Rising junior Cameron Childers remembers his move to Case Western Reserve University after a 24-hour drive from Texas as being both stressful and fun.
Now, as president of the Residence Hall Association, Childers wants to help ease the strain of the day for students and families. He and more than 700 other university staff members and volunteers will be on hand to provide assistance as the Class of 2021 arrives Aug. 20. (Upperclass students can begin their move-in process Wednesday, Aug. 23, albeit without the 700 volunteers.)
“We try to make it a festive environment and stress-free for the students, parents and families,” said Associate Director of University Housing Loretta Sexton. “I think they should come in anticipating it’s going to be a lot of fun and a welcoming environment and help ease their transition to college.”
Childers hopes the assistance will allow students to focus on the excitement and opportunity ahead rather than the stress of the day.
“You get to see where you’ll be living on your own as a real adult,” said Childers. “You’ll come to make great friends and love every second of living here and all of that is before you as you unpack your new room.”
We asked Childers, Sexton and members of the campus community for their best packing and move-in advice. So whether it’s your first time or your fourth, here are tips to make your day go smoothly.
1. Just pack the essentials. While it can be temping to pack everything in your room at home, pack only what you think you will need. Get a list of what you should bring.
“The biggest mistake I see is packing up your entire room from home and then adding on all the things you’ve bought,” said Childers. “Orientation week is full of free T-shirts! Plus, your room is probably smaller than the one you have at home and you don’t have need for all the clutter.”
If you end up bringing too much, there may not be enough space in your room for everything and your parents may end up taking some of it back home.
“I think it all just comes down to being realistic with what you will actually use in college,” said Erin Buttars, a rising senior and president of the Panhellenic Council. “It’s a new chapter in your life, chances are your tastes will change.”
To help determine how much space you’ll have, Childers suggested, plan out what you want your room to look like with online floor plans.
2. Pack as many items as possible in small, manageable boxes and bins.
“You’ll have to make more trips, but you’ll actually be able to lift everything and won’t tire as easily,” one campus community member said in response to our call for advice.
Buttars suggests using plastic crates for packing, as they can later be used for storage.
Loose items and bags are difficult to transport, Sexton advised.
3. Mark all items with the student’s name, building and room number.
“We have so many volunteers that help students carry their stuff to their rooms, we want to make sure it gets to the right location,” Sexton said.
And while labeling boxes, Childers suggests, meticulously mark what’s in each box “so you don’t freak out trying to find something.”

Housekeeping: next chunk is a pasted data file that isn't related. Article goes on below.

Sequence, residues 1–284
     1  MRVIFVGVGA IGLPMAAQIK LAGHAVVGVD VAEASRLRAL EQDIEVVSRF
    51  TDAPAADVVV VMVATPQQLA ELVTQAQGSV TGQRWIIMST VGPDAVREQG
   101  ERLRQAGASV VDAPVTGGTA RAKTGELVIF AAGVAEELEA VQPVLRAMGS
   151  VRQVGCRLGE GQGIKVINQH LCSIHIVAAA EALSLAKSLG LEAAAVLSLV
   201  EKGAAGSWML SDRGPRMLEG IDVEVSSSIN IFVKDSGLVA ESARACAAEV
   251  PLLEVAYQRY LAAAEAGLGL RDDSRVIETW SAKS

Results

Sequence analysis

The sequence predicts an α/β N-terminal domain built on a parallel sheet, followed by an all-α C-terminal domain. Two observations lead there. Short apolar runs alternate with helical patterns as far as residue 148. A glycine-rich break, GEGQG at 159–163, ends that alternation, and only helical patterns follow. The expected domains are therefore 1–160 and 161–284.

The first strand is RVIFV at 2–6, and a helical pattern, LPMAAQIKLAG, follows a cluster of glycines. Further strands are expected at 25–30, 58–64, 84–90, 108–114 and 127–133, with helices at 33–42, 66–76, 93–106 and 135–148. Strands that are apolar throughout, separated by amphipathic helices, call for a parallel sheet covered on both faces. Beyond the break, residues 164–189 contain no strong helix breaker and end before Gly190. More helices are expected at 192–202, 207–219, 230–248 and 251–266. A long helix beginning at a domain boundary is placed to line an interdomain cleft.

4. One key item to bring is a rug, according to Childers.
“You wouldn’t know it during move-in, but come winter, the floors get cold and it’s a bad way to wake up when your bare feet hit ice-cold tile,” he said.
5. Make sure to confer with your roommate. You won’t need two of everything, so connect with your roommate before move-in to plan out who will bring what, especially large items.
6. Plan ahead for the day’s weather. This goes for both preparing your items for potential inclement weather and in the way you dress.
Should it rain the day of move-in, you’ll want to make sure that important items have been properly rain-proofed.
If it’s hot, make sure to wear comfortable, cool clothing.
7. Stay hydrated throughout the day. The Residence Hall Association will be on hand to pass out free water bottles and talk with new students about what the organization does on campus.
8. Don’t try to loft your own bed, Childers warned. In a cramped room, this can be a difficult process. Instead, Childers suggested new students submit a maintenance request via their myHousing page to get maintenance staff to loft your bed.
9. Don’t try to unpack and organize everything right away. Throughout orientation week and the first few weeks of the year, you will have plenty of time to unpack. Instead of trying to do it all at once, take the time to get to know other students.
“All of your things will get put away eventually, but you’ll never have another first week at CWRU—one totally devoted to exploring campus and getting to know new friends,” a member of the university community said.
10. Let your family help. It’s common for parents and families to want to help their students unpack and set up their room. Though they may organize things in a way you don’t like, let them. You can always rearrange later.
“This is their last big chance to look at you in a child-like fashion where you need help doing everything,” one member of the university community said. “Let them have this one last chance to do that.”
For more information and tips for packing and move-in for new students, visit students.case.edu/housing/housing/opening/new.html.